Core Facilities - tensions However, core facilities need to be able to cover costs and make profit to renew and fix equipment (classification of facility) Tension between income generation vs. doing good science External vs. internal service – tensions if facility is part of a university Expensive to run: –Very expensive equipment –High maintenance costs –Staff costs
Workstream 2 Asset Register Classification System and Web interface Development Edmund Linfield & Gavin Burnell University of Leeds
Overview Workstrand 2 Objectives N8 Developments Progress at Leeds Developments beyond the N8
Workstrand 2 Objectives Objectives –A three level taxonomy of equipment function that can classify all equipment > £25k; –A standard data schema for equipment items in asset registers; –A web based interface to the asset register for internal/external searches on equipment; –A web based interface which will allow key researchers, responsible for individual equipment items, to update technical information about their equipment directly.
Status at Sheffield meeting September 2011 Equipment >£25k in Leeds categorized: –Faculties of: Engineering; Medicine and Health; Biological Sciences; Environment; Maths and Physical Sciences; and Performance Visual Arts and Communications; Over 1100 items of equipment in total; Items fitted into a three-level taxonomy – Copy tabled; Classification of each item, together with key information, now being incorporated into corporate database, SAP.
Status at Sheffield meeting September 2011 (2) Current data schema for classification: –Three-level categorization and grouping; Owner; Technical Contact; Location; Anticipated Lifetime; Usable Condition and Availability; Supplier; Age of Equipment; Service Contract Status; Database Administrator appointed: –Catherine Wearing (0113) Data for 650 items now loaded into SAP: – with data verification taking place; Qlikview now being used to view equipment.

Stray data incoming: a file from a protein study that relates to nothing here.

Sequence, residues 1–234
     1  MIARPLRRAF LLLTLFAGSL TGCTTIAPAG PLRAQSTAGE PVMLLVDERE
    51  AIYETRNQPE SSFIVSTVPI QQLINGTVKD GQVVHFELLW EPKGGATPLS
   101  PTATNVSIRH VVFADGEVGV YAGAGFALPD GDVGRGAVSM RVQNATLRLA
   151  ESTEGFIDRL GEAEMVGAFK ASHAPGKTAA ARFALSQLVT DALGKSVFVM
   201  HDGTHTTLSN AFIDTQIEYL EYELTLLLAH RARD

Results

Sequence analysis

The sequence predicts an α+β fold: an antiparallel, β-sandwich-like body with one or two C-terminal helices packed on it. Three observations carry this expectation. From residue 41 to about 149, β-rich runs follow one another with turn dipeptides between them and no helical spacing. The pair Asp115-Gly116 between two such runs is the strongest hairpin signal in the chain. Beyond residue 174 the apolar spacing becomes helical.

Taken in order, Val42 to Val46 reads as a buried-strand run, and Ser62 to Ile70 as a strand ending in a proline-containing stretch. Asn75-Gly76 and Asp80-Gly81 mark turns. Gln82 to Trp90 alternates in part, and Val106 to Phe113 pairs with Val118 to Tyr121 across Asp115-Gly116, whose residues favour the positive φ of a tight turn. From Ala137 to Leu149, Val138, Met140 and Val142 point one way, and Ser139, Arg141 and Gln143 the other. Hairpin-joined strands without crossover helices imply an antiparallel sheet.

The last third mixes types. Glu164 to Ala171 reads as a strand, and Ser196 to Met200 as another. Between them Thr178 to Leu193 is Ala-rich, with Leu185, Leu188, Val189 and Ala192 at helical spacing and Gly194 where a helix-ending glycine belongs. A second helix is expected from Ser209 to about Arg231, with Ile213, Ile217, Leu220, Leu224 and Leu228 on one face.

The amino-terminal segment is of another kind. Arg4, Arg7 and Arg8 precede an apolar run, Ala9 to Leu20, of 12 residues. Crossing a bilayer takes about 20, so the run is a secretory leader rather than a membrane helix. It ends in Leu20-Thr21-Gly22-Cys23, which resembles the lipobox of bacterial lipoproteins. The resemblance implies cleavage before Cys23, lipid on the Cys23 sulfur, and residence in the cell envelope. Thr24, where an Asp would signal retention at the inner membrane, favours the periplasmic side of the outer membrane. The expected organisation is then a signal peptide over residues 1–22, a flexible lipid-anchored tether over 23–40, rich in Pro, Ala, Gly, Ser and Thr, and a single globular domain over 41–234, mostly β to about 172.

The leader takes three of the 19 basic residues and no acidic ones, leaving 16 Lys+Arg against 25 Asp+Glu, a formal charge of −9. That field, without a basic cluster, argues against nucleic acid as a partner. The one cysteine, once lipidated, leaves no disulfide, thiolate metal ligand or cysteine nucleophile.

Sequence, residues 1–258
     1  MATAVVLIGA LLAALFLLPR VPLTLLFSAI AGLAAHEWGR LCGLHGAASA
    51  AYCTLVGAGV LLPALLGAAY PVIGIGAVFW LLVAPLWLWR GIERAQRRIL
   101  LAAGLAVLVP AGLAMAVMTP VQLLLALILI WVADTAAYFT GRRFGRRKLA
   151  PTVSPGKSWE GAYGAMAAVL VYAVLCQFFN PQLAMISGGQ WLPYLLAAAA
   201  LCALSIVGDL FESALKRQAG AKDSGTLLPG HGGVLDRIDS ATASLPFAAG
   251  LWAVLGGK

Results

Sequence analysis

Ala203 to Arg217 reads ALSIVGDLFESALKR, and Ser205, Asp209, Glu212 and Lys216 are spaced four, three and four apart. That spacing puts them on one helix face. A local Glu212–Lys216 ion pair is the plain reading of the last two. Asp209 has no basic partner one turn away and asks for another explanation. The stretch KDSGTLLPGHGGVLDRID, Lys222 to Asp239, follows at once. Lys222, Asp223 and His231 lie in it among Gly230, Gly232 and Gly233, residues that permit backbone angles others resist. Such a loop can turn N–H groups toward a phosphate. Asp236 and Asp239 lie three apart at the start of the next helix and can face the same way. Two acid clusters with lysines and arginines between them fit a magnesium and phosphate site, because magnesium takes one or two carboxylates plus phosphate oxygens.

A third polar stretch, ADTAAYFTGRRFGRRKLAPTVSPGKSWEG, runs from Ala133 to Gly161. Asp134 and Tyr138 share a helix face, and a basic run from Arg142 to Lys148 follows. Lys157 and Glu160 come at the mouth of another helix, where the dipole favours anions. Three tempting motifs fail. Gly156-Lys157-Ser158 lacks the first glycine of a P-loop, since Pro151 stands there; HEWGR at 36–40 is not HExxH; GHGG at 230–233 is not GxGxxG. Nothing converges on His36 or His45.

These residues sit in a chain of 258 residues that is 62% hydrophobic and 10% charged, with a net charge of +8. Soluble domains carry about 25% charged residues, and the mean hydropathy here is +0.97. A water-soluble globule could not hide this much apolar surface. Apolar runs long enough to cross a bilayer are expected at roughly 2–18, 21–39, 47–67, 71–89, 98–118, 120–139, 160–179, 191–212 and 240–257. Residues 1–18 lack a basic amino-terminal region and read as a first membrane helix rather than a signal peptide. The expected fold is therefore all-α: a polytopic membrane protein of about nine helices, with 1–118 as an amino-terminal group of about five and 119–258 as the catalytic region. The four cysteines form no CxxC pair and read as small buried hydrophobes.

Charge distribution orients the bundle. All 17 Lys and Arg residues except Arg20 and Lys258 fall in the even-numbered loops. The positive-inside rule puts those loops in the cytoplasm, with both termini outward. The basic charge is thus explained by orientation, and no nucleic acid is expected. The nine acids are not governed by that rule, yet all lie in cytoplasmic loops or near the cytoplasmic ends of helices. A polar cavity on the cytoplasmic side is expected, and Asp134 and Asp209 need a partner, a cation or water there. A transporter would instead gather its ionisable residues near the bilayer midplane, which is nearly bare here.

N8 Progress Leeds Equipment Meeting – November 2011, key N8 contacts discussed the N8 data schema, taxonomy and equipment database solutions. Leeds is working with other N8 universities offering advice on developing their equipment databases. N8 Universities are classifying all equipment >£25k using the taxonomy. Additional genera have been identified and added to the taxonomy (circulated Jan 2012). The N8 taxonomy will be updated and published at the end of March and the final N8 taxonomy will be published at the end of June 2012.
N8 Progress (2) The N8 data schema has been compiled and circulated (list of core data that each university will collect about their equipment and which will be available to view on a searchable N8 website). A subset of the N8 data schema will be used to search for equipment on a shared N8 website. Additional data fields can be used in each N8 Universities internal searchable database.
Data schema Data FieldDescription Manufacturer Model Number Technical Identifier A free text field that is used for a local name that distinguishes between similar equipment items. Is a sub-part of a larger instrument/facility Identifies whether this equipment item is part of another (larger) equipment item or facility and which facility. Description Free text Classification One or more genera from the taxonomy Images Other Documents User manuals, sample results, extended descriptions. Host Organisation Academic school or research unit in which instrument is housed. Academic Manager and contact details Academic with overall management responsibility for the equipment item, including access e.g. PI on purchasing grant and their and telephone contact details. Technical Contact and contact details Experimental officer, technician or PDRA who can answer specific technical questions about the equipment item and their and telephone contact details. Campus